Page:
Osteoarthritis Causes

There are many factors associated with a risk of acquiring osteoarthritis that may be responsible for causing the health condition. The following is a more detailed overview of the possible causes.

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Mechanical stress

The primary reason behind the development of osteoarthritis is insufficient self-repair of joints following damage from mechanical stress. This stress can present in a range of different forms such as:

  • Bone misalignment (from congenital or pathogenic causes)
  • Physical injury
  • Excess body weight
  • Loss of muscle strength around joint
  • Peripheral nerve impairment causing uncoordinated movements

Each of these involves damage or additional stress to the joints of the body. With this extra demand, the body can find it difficult to meet the requirements and result in osteoarthritis of the joints.

There are some causes that have been commonly associated with osteoarthritis, despite the fact that there is very little evidence to support them. For example, exercise and using the joints regularly has not been found to increase the risk of the condition. Likewise, cracking knuckles has not been found to have an effect on the likelihood of developing osteoarthritis.


There has been a significant amount of research to support a hereditary link to osteoarthritis. It has been observed that there is a greater prevalence of the disease among siblings and this association is more marked between identical twins.

It is speculated that during the evolutionary process involving the progression of the human race into bipeds, changes to the pelvis, hip join and spine occurred. This is thought to increase the genetic risk of osteoarthritis and the genetic defects were not likely to be selected against as the symptoms usually present after reproductive success.

However, genetics alone is not usually enough to cause the disease and is usually present with a number of risk factors to contribute to an increased susceptibility to the condition.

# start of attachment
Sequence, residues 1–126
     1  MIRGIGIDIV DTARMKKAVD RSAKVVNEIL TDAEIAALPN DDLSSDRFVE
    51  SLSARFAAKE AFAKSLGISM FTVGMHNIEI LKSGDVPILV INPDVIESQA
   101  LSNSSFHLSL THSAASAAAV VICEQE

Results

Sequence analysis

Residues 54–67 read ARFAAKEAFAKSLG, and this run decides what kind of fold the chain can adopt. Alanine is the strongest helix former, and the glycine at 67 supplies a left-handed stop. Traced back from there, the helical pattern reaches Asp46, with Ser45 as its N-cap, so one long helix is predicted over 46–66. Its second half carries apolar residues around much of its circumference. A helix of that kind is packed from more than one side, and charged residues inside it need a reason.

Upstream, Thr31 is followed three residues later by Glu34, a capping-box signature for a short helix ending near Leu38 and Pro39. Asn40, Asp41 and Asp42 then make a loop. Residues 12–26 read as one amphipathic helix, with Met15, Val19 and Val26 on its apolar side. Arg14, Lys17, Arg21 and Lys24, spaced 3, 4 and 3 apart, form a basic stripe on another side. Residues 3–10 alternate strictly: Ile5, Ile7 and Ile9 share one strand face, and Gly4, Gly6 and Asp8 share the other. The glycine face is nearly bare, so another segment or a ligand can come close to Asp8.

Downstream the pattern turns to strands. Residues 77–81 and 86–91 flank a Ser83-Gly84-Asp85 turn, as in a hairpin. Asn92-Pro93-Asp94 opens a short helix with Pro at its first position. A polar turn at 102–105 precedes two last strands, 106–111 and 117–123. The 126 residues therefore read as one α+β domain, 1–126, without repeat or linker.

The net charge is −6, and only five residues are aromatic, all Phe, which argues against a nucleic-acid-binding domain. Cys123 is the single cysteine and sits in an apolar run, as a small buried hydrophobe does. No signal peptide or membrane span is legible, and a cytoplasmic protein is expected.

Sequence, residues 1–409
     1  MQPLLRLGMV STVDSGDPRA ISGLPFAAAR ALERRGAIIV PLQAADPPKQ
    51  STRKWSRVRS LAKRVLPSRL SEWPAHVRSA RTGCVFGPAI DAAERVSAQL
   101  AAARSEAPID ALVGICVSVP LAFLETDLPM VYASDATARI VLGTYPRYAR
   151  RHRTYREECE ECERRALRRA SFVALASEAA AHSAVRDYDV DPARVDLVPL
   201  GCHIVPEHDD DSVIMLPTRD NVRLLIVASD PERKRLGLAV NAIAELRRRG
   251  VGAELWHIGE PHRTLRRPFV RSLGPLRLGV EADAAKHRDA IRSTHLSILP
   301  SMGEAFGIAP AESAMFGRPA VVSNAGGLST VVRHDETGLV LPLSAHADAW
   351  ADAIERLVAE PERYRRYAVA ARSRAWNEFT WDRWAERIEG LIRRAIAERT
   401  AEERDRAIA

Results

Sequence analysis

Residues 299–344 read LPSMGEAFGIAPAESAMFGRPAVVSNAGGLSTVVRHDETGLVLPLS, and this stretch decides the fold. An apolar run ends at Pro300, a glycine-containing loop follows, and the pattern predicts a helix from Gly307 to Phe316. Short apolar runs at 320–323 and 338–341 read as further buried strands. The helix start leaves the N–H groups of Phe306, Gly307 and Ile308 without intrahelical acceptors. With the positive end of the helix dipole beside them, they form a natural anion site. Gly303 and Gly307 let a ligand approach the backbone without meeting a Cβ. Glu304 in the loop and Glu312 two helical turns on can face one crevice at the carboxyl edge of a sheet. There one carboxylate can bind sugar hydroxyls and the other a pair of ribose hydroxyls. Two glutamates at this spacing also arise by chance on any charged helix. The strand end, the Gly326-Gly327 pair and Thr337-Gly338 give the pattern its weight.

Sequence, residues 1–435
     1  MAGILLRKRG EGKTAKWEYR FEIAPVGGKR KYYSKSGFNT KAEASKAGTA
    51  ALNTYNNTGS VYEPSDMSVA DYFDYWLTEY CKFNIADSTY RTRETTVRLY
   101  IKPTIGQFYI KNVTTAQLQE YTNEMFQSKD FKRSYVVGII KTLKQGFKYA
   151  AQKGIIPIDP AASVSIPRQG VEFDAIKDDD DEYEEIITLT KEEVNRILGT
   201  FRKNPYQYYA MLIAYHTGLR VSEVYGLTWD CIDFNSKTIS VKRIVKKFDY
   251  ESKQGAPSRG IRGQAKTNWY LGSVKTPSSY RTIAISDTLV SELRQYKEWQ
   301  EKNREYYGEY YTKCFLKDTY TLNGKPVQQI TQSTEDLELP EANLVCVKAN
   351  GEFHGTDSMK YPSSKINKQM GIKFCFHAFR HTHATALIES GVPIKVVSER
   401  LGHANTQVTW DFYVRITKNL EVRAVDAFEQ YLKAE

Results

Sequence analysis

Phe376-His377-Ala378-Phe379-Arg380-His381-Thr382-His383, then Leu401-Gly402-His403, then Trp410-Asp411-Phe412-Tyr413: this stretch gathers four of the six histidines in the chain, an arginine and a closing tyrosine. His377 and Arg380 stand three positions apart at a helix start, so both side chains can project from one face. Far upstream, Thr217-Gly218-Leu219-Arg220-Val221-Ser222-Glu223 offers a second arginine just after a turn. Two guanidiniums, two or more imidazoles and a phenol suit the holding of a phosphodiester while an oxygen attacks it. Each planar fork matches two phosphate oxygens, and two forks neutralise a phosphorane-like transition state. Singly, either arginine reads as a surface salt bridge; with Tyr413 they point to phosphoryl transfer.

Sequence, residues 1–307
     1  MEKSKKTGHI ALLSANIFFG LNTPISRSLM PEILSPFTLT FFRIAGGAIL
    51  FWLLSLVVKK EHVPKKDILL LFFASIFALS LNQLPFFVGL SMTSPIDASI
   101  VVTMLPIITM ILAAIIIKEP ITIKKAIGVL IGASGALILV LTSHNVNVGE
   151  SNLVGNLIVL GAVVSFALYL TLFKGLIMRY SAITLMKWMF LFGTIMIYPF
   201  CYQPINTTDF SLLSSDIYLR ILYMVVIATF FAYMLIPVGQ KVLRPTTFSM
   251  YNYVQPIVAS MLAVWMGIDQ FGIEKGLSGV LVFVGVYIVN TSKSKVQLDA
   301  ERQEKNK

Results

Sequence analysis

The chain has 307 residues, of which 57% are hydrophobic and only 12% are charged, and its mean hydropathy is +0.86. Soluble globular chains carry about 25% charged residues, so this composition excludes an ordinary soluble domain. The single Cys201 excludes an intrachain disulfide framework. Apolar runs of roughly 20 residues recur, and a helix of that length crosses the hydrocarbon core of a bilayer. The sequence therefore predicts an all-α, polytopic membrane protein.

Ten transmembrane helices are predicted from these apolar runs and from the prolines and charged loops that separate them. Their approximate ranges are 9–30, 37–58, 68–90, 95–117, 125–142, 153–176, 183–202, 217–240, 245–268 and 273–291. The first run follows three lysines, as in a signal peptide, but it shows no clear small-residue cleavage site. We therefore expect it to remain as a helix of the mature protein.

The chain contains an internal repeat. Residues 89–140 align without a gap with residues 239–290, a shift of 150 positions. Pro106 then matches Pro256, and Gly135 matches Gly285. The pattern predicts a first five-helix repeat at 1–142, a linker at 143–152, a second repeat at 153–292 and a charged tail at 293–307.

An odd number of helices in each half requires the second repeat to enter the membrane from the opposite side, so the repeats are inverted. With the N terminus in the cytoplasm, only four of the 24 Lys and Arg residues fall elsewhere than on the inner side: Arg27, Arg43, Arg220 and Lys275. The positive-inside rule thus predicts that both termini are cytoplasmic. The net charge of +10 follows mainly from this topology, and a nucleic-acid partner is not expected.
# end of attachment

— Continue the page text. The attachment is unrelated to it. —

Medical history

Some particular health conditions are correlated to a higher risk of developing osteoarthritis. This includes previous joint injury, particularly those involving the knees, and obesity.

In addition to the mechanical stress on the joints that excess body weight poses, it is possible that there may be a metabolic link to body fat that has the potential to cause osteoarthritis. This suggestion has been brought forward following the observation that symptoms are often relieved from non-weight-bearing joints with the loss of weight.

Osteoarthritis - causes, symptoms, diagnosis, treatment & pathology


It is widely accepted that the risk of osteoporosis increases significantly for women when their body undertakes changes throughout menopause, particularly in respect to men of the same age.

Female hormones estrogen and progesterone are thought to be protective against certain health conditions, including osteoarthritis. A study of mice supported this, showing that injections of female hormones had a protective effect against the condition.

As the levels of hormones change throughout menopause, the protective female hormones decrease in production dramatically. This is thought to cause weakening of the bone joints and eventually lead to osteoarthritis.

Secondary causes

Secondary causes involve other health conditions that are linked to an increased risk of osteoarthritis but are not directly responsible for causing the condition.

There are several possible secondary causes including:

  • Alkaptonuria
  • Congenital disorders of joints
  • Diabetes
  • Ehlers-Danlos Syndrome
  • Hemochromatosis and Wilson’s disease
  • Perthes’ disease and Lyme disease
  • Chronic rheumatoid arthritis
  • Gout
  • Joint and ligament injury or deterioration
  • Marfan syndrome
  • Septic arthritis People with these conditions should be aware of their increased risk of osteoarthritis and should have some knowledge of presenting symptoms and methods to reduce the risk of the condition.

Further Reading

Last Updated: May 25, 2021

Yolanda Smith

Written by

Yolanda Smith

Yolanda graduated with a Bachelor of Pharmacy at the University of South Australia and has experience working in both Australia and Italy. She is passionate about how medicine, diet and lifestyle affect our health and enjoys helping people understand this. In her spare time she loves to explore the world and learn about new cultures and languages.


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